Lawmakers on Capitol Hill are being forced to reconsider bills against Internet piracy that were thought to be cleared for approval, as high-tech companies spotlighted on Wednesday their concern over what they feared would become Web censorship. NY1's Washington reporter Erin Billups filed the following report.
As popular internet sites went black on Wednesday in protest of the House of Representatives' Stop Online Piracy Act (SOPA) and the Senate's Protect IP Act (PIPA), lawmakers on Capitol Hill scrambled to respond to the barrage of public comment... promising to go back to the drawing board.
"It's not in any way in its final format. It's still going through committee, it's being revised," said Republican Congressman Tom Reed of New York. "I think there has to be a clear expression in the bill to protect the freedoms of expression."
But bill sponsor Republican Congressman Lamar Smith of Texas argued SOPA is fine as is, striking the right balance in protecting intellectual property from online pirates and internet freedom.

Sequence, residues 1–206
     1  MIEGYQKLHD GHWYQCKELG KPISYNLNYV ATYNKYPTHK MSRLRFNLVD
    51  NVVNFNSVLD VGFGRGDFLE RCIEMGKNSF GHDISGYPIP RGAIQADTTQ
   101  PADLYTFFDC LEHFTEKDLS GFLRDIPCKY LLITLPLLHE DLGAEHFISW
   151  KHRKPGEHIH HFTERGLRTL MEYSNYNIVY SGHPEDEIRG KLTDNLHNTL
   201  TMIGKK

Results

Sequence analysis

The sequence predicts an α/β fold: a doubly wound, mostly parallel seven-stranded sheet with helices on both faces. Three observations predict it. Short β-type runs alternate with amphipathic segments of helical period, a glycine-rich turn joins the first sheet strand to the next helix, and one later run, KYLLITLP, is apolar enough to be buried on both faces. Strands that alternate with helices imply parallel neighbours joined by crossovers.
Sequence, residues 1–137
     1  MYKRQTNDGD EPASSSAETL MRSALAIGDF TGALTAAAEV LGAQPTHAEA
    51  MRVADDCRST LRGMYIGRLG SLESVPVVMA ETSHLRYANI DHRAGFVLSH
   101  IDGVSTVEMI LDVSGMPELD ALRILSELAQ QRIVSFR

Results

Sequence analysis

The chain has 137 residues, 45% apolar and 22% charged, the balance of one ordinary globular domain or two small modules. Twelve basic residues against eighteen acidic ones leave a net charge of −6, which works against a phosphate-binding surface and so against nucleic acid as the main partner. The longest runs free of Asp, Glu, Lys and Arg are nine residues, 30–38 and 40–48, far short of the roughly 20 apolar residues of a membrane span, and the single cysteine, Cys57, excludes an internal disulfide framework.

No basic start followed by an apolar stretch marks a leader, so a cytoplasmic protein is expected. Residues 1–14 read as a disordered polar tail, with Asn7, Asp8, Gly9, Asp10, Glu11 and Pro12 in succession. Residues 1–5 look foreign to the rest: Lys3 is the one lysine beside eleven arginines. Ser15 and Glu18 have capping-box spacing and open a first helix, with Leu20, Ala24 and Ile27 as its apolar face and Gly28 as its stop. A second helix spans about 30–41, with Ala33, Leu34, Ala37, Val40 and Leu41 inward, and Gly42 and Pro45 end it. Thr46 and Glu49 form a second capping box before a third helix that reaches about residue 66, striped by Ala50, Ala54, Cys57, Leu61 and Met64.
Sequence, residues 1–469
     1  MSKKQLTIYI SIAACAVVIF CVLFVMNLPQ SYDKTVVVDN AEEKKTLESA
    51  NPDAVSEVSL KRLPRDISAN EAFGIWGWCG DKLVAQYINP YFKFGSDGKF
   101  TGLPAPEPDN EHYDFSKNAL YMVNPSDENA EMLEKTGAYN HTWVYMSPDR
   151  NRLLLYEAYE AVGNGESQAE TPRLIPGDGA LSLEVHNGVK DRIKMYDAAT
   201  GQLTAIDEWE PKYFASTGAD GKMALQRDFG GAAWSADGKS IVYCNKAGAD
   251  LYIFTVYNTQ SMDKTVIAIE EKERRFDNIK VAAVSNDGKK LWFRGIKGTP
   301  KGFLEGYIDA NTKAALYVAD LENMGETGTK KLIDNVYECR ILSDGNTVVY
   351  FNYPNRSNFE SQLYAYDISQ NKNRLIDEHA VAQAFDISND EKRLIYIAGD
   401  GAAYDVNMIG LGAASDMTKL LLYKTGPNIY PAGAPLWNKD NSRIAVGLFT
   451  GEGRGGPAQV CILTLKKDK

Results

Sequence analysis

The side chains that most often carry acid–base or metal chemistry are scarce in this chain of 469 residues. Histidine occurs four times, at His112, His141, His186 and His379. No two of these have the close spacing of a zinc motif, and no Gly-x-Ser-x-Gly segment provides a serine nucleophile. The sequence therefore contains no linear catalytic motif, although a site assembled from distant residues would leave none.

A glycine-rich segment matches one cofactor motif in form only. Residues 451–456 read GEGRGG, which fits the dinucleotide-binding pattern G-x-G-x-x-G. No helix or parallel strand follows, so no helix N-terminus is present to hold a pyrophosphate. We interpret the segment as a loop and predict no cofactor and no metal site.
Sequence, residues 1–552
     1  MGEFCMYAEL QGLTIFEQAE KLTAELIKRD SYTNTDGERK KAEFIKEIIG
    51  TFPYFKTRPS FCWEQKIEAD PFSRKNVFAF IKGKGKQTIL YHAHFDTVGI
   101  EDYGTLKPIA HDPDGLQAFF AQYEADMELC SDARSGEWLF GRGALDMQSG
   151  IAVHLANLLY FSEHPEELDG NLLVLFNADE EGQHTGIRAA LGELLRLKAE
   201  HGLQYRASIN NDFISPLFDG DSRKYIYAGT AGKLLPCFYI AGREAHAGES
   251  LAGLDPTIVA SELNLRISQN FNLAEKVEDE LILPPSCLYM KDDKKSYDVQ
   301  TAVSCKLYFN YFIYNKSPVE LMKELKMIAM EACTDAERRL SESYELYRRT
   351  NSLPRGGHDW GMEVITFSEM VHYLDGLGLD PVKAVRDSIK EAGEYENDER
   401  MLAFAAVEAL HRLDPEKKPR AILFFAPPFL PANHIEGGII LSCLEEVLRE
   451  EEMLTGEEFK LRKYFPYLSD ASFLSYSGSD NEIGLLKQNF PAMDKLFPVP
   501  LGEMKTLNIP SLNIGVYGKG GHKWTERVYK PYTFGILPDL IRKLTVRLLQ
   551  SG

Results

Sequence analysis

"People like, say, Wikipedia today, it's so ironic that the website that is supposed to provide good information is unfortunately supplying misinformation," said Smith. "We're talking about illegal behavior on foreign websites. Domestic websites don't have anything to worry about."
Still, the tech industry is pushing for lawmakers to start from scratch...
"It's so broad in the way its written, it's so broad in scope that people think it's going to ruin the Web," said Lance Ulanoff of Mashable.com.
Smith wants to move SOPA forward, saying it has been amended several times, including last week to address concerns expressed by the White House. So far, Smith said the criticism has been anything but constructive.
"I haven't heard any ideas from the opponents as to how they would reduce that online piracy. I hope they have some ideas, we're still waiting," said Smith.
On Wednesday, House members said the ball is in the Senate's court, where a vote is expected on PIPA in the next couple weeks and could determine the direction of the debate.
"We'll be charting our course from there but I don't think this bill is dead. The problem exists and the problem is too serious to ignore," said Democratic Congressman Mel Watt of North Carolina.
Members of the tech industry said in the coming weeks they will start bringing their ideas to the table as well.